With intentionality, Sr. Miriam drew attention to her tone of voice while speaking the words of God in Genesis. The tenderness of her tone reinforced the message of hope she offered. Sr. Miriam explained that Christ, the new Adam, restored the harm that was done in Eden. She invited each student to say yes to Christ’s desire to bring them new life.
Sr. Miriam’s message came from the experience of suffering and Christ’s healing in her own life. She told the Rover, “The most powerful Gospel we can teach is the witness of our lives.” Living with intense shame, alcoholism, and promiscuity, she was once trapped in her own hiding places. Then she encountered Christ. “My parents forced me to meet this priest. I could see Jesus looking at me through him,” she shared. The powerful witness of this priest changed her life: “There were a lot of things in my life that I could deny, but I could not deny the love of God in that man.” She told him, “I don’t know what you have, but I want it.”
Sophomore Evan Bursch was particularly struck by this part of her talk. “To see someone like her who went through all these horrible things and didn’t make a lot of great choices come out as such an amazing witness to God is just so beautiful. It’s really inspiring me in my faith life,” he reflected.
Sr. Miriam taught students what she learned through her own conversion: “Christ didn’t come to fix you. He came to love you.” She explained that disciples, since the founding of the Church, have always harbored embarrassment. She realized that Christ always responded to her shame with an invitation back into communion, just as Jesus declared Peter the rock upon which he would build his Church even after Peter denied Jesus. Sr. Miriam encouraged her listeners to bravely choose not to hide away their wounds, because Christ always comes with his wounds open.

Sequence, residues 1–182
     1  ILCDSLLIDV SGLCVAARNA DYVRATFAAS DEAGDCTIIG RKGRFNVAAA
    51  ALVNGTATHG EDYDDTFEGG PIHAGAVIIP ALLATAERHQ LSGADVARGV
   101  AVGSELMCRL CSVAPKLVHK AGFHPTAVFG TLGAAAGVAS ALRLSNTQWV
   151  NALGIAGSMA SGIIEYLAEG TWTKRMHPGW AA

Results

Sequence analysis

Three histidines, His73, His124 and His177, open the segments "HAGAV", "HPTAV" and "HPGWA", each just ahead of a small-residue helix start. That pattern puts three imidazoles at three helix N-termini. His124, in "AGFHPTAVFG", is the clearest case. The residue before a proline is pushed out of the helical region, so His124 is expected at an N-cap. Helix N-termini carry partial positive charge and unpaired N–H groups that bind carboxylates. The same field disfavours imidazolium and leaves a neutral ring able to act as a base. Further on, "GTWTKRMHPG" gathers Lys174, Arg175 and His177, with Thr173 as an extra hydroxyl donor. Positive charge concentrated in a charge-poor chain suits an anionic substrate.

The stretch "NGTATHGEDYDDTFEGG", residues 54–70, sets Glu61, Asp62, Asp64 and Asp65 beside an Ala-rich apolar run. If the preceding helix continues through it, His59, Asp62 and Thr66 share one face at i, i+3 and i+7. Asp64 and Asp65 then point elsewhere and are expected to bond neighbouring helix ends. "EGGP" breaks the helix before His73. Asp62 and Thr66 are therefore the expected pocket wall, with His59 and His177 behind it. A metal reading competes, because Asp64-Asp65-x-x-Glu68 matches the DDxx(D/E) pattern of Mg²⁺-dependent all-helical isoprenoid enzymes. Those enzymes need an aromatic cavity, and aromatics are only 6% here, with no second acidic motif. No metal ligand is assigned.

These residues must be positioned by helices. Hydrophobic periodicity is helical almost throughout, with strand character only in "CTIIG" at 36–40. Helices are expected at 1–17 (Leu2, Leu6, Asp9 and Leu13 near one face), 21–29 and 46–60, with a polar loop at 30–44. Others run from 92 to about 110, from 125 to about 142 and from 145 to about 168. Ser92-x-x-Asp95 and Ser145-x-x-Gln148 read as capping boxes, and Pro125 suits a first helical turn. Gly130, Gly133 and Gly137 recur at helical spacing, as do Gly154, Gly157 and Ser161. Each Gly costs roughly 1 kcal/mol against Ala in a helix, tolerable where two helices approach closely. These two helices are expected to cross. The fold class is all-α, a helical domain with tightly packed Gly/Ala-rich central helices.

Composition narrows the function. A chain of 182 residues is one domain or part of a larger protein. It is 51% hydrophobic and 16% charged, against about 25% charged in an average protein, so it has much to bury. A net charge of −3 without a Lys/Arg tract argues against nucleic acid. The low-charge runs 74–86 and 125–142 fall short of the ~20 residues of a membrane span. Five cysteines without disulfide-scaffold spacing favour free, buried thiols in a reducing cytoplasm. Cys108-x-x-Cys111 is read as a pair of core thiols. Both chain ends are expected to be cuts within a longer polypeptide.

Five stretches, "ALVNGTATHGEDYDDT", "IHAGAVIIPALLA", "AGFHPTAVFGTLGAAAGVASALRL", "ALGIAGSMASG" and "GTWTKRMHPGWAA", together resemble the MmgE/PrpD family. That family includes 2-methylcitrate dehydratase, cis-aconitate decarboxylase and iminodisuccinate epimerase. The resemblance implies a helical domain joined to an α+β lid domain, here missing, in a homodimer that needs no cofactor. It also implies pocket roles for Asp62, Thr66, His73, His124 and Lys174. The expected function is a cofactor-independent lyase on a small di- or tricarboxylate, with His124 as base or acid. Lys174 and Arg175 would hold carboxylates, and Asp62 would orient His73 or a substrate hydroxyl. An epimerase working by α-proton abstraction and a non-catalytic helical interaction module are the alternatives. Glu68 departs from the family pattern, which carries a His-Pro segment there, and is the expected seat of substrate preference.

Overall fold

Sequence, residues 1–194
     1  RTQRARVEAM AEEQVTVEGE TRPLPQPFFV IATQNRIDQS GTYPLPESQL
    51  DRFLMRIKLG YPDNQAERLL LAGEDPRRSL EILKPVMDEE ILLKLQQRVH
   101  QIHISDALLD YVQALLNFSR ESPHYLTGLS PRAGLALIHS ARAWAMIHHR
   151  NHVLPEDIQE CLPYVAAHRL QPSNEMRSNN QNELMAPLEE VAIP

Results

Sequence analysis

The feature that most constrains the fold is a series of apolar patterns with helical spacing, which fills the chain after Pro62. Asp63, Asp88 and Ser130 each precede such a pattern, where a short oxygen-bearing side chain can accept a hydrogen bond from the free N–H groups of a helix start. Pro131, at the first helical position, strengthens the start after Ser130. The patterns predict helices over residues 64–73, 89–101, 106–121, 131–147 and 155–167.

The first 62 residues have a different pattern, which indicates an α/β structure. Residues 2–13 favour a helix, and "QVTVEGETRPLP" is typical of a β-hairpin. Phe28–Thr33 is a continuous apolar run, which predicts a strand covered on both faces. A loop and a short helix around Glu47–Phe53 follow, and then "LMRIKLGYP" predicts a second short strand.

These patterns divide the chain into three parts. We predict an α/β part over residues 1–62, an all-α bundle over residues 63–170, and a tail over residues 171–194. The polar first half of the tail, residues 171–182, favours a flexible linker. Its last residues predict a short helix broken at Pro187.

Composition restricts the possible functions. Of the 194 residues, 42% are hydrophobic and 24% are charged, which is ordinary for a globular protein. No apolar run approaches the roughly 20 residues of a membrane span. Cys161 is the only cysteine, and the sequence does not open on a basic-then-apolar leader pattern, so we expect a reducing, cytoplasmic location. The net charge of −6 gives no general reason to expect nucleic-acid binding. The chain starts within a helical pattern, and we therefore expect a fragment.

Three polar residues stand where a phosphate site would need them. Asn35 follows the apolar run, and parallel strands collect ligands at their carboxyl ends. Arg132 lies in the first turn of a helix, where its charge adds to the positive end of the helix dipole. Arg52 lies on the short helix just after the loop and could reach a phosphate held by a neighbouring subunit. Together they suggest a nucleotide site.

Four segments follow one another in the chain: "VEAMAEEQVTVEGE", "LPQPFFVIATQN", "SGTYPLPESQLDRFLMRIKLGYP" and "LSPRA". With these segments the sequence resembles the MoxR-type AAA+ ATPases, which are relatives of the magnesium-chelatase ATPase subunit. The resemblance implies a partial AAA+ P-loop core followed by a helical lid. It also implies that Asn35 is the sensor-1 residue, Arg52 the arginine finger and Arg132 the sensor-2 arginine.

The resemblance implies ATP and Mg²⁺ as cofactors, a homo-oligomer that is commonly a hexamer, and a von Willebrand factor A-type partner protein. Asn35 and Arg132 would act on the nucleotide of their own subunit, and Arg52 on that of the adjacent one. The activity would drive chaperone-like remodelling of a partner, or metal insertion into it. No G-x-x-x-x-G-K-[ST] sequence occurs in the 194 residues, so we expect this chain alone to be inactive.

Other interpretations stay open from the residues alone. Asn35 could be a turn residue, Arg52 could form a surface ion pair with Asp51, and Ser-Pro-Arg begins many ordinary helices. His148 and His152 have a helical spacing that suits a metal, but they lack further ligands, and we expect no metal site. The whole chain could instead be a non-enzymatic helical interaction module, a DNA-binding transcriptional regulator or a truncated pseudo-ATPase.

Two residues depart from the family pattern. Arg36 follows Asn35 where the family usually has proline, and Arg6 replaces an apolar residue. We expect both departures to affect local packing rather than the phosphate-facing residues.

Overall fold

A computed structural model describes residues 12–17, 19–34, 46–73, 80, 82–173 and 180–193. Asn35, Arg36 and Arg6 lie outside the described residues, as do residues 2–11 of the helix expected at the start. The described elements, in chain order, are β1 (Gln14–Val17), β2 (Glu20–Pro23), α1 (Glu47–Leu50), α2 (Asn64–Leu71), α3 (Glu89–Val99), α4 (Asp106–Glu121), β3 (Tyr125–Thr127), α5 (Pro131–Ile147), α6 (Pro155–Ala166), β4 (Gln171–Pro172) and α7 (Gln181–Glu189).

“We must, my dear friends, we must know Jesus. We must know him. It is not enough for us to know about him … the most beautiful thing about that is Jesus delights to make himself known,” she emphasized. She left students with a proposition. Instead of asking, “Why is this suffering happening?” she invited students to ask, “How will I respond now?”
At both events, Sr. Miriam looked around and noted how beautiful it was that she was present with the community of Our Lady’s university on the Feast of the Annunciation. She expressed her gratitude to travel the country to speak about healing, recovery, beauty, and Christ.
“I believe in love. I believe in it. I just believe in love. I believe in Christ. I believe in this life that is so true, good, and beautiful no matter what we’ve suffered, and this is not the end of the story,” she told the Rover.
Mia Tiwana is a junior majoring in political science and theology. When she is not discussing rude topics like politics and religion at the dinner table, she is longing for a hike somewhere mountainous, baking gluten-free desserts, or taking amateur macro photos. Reach her at email@example.com.
Juliet Hall is a sophomore majoring in Program of Liberal Studies and theology. You can find her somewhere on north quad listening to either Abiding Together or her current audiobook. If she’s not spotted there, contact her at firstname.lastname@example.org.
Photo credit: Marie Lunn and Brett Perkins